This photo was taken just over three years ago, making him four years old. It was a lot easier then in a lot of ways. He hadn’t started school!
What is it about school that’s so problematic for him, and consequently for me? What is it about schools that see suspension as the only answer to behavioural problems?
I have so many questions and unfortunately there’s no easy answer. We need time. I need to become more in the school’s face to try and get them to help my boy, not just punish him when things go bad.
I want to work with the school but perhaps it’s better for him to make a fresh start elsewhere? I don’t bloody know!
Sorry he (and therefore you) are having a hard time. I wrote about discipline recently and how at its core it is about teaching children considerate behaviour, not punishment for when they get things wrong. It is difficult to change schools, but maybe you need a school that has a different approach to discipline? I hope it gets better for you.
Education about behaviour is the key I think. I’m reluctant to change schools and it will be a last resort. I want to work with his current school to sort things out. We’ll see ey?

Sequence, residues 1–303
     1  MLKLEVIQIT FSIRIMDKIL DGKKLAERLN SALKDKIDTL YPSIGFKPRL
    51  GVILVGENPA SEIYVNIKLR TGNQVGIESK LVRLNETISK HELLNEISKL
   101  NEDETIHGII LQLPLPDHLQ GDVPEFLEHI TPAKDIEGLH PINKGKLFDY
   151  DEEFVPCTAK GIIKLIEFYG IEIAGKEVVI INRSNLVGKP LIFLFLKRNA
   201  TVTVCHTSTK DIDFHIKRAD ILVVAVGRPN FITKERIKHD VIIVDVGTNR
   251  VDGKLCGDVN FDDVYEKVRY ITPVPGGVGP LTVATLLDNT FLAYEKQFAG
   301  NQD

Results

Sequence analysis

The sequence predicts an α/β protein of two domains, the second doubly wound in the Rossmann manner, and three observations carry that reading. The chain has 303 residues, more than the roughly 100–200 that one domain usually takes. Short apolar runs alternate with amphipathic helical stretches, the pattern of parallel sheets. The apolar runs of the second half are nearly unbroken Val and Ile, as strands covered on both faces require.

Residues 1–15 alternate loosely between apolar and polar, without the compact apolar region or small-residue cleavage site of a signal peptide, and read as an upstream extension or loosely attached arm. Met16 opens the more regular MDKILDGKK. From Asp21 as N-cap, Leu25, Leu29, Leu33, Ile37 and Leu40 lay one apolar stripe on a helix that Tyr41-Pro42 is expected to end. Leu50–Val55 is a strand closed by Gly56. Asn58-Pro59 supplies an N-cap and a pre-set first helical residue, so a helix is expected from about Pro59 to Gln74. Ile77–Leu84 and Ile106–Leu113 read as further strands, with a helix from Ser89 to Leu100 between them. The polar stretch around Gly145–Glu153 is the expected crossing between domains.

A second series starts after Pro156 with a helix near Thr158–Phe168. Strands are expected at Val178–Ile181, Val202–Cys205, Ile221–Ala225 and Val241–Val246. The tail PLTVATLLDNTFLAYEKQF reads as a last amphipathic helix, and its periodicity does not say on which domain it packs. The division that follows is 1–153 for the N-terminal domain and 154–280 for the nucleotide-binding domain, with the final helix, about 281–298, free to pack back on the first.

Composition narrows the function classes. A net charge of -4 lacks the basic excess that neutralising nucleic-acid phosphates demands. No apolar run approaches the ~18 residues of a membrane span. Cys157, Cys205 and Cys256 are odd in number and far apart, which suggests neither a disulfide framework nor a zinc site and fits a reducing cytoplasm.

Ms. Single Mama says
There’s a fantastic documentary on raising boys – and how some of them react when schools try to inhibit their natural behaviors.
It’s called “Raising Cain” I believe there a book as well.
I hope that helps. And he is SO gorgeous.
Thanks Ms Single Mama. I shall look out for that one. Yes, he is gorgeous. Thank you.
I wish I could suggest some sort of solution for you. I think it’s so hard for a single parent to bring up a child of the opposite gender (it’s usually mothers bringing up boys) because we have no experience of what it’s like to be a boy. He looks like a real angel and I know that looks often belie the reality — just one of those cheeky smiles and he can get away with almost anything until he runs up against the hard place in school.
I agree that changing school is probably not the answer. It’s JJ’s behaviour that is the problem and although it may be his way of reacting against the particular school there’s no saying that he wouldn’t do it again.
Is there a close male relative or friend who could take some of the heat out of it for you by having a word or two?
Hazel, I’m taking steps to modify his behaviour both at school and at home. I’m feeling a lot better about the school now as they seem motivated to help. I met with the deputy principal recently and we’ve identified some things that they can do at the school to help him learn self-confidence and social skills. I’m also taking him to a psychologist who’s been really good. I’m feeling a heck of a lot more positive than I did when I wrote this post.